Visual Servoing Platform  version 3.5.1 under development (2023-03-14)
Tutorial: Planar object pose estimation using RGB-D data.

Introduction

Note that all the material (source code and data) described in this tutorial is part of ViSP source code and could be downloaded using the following command:

```\$ svn export https://github.com/lagadic/visp.git/trunk/tutorial/computer-vision
```

This tutorial which source code is available in tutorial-pose-from-planar-object.cpp shows a way to estimate the pose (cMo) of a planar object pose exploiting color and depth images using a RGB-D camera and the object 3D model.

To illustrate this capability, we will use the next image to estimate the pose of the white object delimited by the orange crosses from 1 to 4. The coordinates of these four crosses define the CAD model of our object. They are expressed in the frame visible in the following image. This object is lying on a larger plane delimited by the blue rectangle that corresponds to the Realsense cover box. The coordinates of the plane bounds are expressed in the same frame.

HeTo resume:

• The origin of the object frame is located at the top left corner of the D435 box.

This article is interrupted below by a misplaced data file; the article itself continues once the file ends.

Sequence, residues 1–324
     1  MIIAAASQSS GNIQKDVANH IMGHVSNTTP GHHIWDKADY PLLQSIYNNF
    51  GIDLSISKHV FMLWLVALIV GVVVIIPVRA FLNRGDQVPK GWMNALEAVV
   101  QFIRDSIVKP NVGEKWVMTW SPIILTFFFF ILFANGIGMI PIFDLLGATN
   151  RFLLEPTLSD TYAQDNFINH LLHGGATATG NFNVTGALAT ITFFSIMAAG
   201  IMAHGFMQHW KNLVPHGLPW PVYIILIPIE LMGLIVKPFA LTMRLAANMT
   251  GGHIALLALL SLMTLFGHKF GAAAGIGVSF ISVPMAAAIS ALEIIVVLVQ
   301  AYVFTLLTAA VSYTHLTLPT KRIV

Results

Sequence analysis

• The blue lines represent the box boundary that define the plane to which the object belongs.
• The orange crosses represent some keypoints that define the object for which pose will be estimated.

In this tutorial, an Intel D435 was used to capture the data. Furthermore, we created a 3D CAD model file available in `data/d435_box.model` that contains the coordinates of the plane bounds and the coordinates of the object corners.

```# Bounds
# - Contains a list of 3D points (X Y Z) corresponding to the bounds of the plane to consider
Bounds
data:
- [0,          0, 0]    # pt 0: top left point
- [0,      0.143, 0]    # pt 1: top right point
- [0.091,  0.143, 0]
- [0.091,      0, 0]

# Keypoints
# - Contains a list of 3D points (X Y Z) corresponding to the keypoints
# - These points are defined in origin frame and represent the white sticker corners
Keypoints
data:
- [0.008, 0.086, 0]
- [0.008, 0.130, 0]
- [0.033, 0.130, 0]
- [0.033, 0.086, 0]
```

Those data are loaded such as:

auto [color_img, depth_raw, color_param, depth_param, depth_M_color] =
const auto model = Model(vpIoTools::getParent(argv[0]) + "/data/d435_box.model");
static std::string getParent(const std::string &pathname)
Definition: vpIoTools.cpp:1633
Note
This example works with color image aligned to depth image or with color image not aligned with depth image.

Finally, in order to compute the object pose, we need:

• The object plane defined into the color frame [Step 1]
• Some color image point [pixel] matched with 3D model point [meter] [Step 2]
• Compute pose estimation [Step 3]

Step 1: Depth-based plane estimation

The first step is to estimate the object plane thanks to the depth data. In this tutorial, the user has to delimitate this area such as:

Then, based on the user selected points, a convex hull is created and projected to the depth frame.

vpPolygon roi_color_img{};
roi_color_img.buildFrom(getRoiFromUser(color_img), true);